As I previously mentioned, the visual comedy is one of the film's strongest points, and indeed the artwork in general is very eye-pleasing. It clearly was not party to the vast budgets usually afforded to Disney's theatrical efforts, but the artists make the most of their limited finances and deliver a film full of life. Like most TV shows, the bulk of the animation was outsourced to South Korea, but the quality of the layouts (created in the US) is such that the characters look consistently amusing, and the Korean animation does a perfectly acceptable job of moving them from one pose to the next. The look should immediately be familiar to viewer of the TV show, and barring some slight differences in the character designs (SpongeBob looks a little more square here than his small-screen variant) and some more ambitious special effects, could easily have passed for a longer version of the series. This, of course, was probably the whole point, and Hillenburg has wisely stuck to the age-old addage of "if it ain't broke, don't fix it".
Look up "mindless entertainment" in the dictionary and you'll probably find a picture of SpongeBob SquarePants, buck-toothed grin and all, printed next to it. Much like the TV show, the film is lightweight but hugely enjoyable, and while there are better animated films out there, this is one of the most good-natured and unassuming I have seen in quite some time.
The SpongeBob SquarePants Movie is presented anamorphically in an aspect ratio of 1.78:1, which is reasonably close to its theatrical ratio of 1.85:1. A cropped 4x3 version is also available, but for obvious reasons it is ignored here. This direct digital-to-digital transfer looks very good, much better than many of Disney's recent efforts, although it does unfortunately show up the film's low budget: the overly clean look draws attention to the static nature nature of the artwork, which often relies on held poses. That said, aside from some slight edge enhancement and a few minor compression artefacts, the presentation is solid on a technical level. I personally would have preferred a proper film-sourced transfer, but we can't have everything we want.
Audio-wise, the Dolby Digital 5.1 presentation is decent if unremarkable. There is relatively little in the way of split-channel effects (although when they do crop up they are used to good effect), but the sound is consistently clear with no distortion or problems with the clarity. French and Spanish 5.1 tracks are also included, as well as an English 2.0 Surround track and English subtitles. The extras, but bizarrely not the film, are also subtitled in French and Spanish.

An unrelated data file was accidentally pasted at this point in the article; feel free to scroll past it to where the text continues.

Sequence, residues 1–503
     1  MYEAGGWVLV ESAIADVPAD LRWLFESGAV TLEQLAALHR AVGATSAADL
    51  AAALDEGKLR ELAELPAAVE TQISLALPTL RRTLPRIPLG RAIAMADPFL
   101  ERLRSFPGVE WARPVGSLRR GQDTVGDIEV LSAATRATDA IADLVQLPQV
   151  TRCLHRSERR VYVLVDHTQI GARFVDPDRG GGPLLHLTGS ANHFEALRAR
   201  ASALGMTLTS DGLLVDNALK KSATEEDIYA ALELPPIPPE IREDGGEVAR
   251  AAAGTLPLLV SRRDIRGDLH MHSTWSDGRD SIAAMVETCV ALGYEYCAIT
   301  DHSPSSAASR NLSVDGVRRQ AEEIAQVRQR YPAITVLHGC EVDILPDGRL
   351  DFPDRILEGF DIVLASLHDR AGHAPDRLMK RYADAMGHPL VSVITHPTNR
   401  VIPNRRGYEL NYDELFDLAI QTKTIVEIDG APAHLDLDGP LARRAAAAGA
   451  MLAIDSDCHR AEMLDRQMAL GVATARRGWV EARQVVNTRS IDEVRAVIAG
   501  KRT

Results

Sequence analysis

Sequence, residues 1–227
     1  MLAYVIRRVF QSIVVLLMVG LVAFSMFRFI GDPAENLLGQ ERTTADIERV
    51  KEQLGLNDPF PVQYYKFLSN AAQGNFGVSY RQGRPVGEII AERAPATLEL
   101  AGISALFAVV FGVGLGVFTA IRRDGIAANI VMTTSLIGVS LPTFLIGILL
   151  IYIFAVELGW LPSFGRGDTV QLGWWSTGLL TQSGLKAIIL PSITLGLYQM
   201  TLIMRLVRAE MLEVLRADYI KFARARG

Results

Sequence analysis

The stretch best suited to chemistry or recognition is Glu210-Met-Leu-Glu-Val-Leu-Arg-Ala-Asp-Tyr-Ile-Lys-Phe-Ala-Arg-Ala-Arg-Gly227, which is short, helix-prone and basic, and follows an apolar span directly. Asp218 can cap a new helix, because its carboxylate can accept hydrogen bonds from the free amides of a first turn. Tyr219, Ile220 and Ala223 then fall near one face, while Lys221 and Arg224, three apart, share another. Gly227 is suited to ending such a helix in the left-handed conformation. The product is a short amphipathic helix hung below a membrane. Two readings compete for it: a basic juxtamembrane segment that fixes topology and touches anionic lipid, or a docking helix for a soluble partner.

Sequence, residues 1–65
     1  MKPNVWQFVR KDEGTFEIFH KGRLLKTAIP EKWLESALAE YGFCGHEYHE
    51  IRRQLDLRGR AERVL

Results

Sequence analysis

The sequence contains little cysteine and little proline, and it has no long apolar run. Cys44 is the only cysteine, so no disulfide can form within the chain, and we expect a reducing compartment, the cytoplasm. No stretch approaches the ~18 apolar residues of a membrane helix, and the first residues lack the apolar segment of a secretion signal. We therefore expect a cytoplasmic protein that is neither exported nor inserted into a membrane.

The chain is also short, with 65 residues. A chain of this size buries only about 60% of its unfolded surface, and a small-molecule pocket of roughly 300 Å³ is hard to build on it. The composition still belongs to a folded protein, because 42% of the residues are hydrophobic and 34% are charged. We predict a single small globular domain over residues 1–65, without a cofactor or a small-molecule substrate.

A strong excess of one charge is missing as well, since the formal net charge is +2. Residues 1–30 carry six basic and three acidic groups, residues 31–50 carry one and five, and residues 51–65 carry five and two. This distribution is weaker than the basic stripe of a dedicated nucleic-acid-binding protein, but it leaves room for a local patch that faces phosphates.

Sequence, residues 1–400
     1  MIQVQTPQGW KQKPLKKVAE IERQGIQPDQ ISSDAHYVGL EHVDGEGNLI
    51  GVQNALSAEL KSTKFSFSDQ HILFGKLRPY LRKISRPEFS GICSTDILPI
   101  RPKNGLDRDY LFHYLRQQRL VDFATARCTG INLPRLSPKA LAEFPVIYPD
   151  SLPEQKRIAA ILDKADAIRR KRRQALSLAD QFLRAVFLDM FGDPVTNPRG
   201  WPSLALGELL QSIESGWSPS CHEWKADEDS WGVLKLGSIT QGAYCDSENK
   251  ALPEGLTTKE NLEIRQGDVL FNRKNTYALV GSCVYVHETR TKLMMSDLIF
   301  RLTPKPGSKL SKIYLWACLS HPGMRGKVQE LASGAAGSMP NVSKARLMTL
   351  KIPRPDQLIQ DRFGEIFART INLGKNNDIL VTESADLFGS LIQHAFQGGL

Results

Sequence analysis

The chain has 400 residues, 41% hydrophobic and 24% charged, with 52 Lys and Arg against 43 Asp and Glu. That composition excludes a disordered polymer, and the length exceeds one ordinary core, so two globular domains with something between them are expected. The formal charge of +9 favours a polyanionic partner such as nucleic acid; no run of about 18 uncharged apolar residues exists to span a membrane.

A reasonable number of bonus features have been included, obviously aimed primarily at children but with some material of interest for adults too.
The Absorbing Tale Behind The SpongeBob SquarePants Movie is a decent 19-minute behind-the-scenes featurette, discussing the genesis of the TV series and the idea behind the movie. Most of the key players are present, with Stephen Hillenburg receiving most of the screen time but a number of the actors also chipping in. As is usually the case with documentaries pertaining to animated projects, a disproportionate amount of time is spent on the voice talent, but overall this is an enjoyable if lightweight featurette (much like the film, actually).
A 20-minute Animatic demonstration is up next, presenting the original storyboards that were used to plot several key sequences in the film, ranging from rough scribbles to near-finished pieces of art. In a neat feature, the various artists responsible for the storyboards provide the voices of the characters, which makes from some amusing alternate riffs on lines from the finished film. This is probably the most worthwhile feature on the disc.
Two brief educational featurettes are also included. "Saving the Surf" is a 4-minute introduction to the Surfrider Foundation, an organization that attempts to promote and conserve beaches and oceans, while "Case of the SpongeBob", narrated by Hillenburg and ocean explorer Jean-Michel Cousteau, provides a 15-minute overview of various sea creatures.
Rounding it all out is the hilarious Teaser Trailer, which makes use of footage from various films including Das Boot and The Hunt for Red October. Sadly, the theatrical trailer is nowhere to be found. Trailers for Lemony Snicket's A Series of Unfortunate Events and SpongeBob SquarePants: The Complete Second Season are also included. Annoyingly, they play when the disc is inserted, although thankfully they are skippable.
While it will probably not win any new fans, The SpongeBob SquarePants Movie is a SpongeBob lover's dream come true: a silly but highly entertaining big-screen romp that succeeds because it refuses to take itself too seriously. With a pleasing audio-visual presentation and some decent extras, this disc is a must-have for fans of the wacky animated sponge.
Last updated: 19/04/2018 09:54:31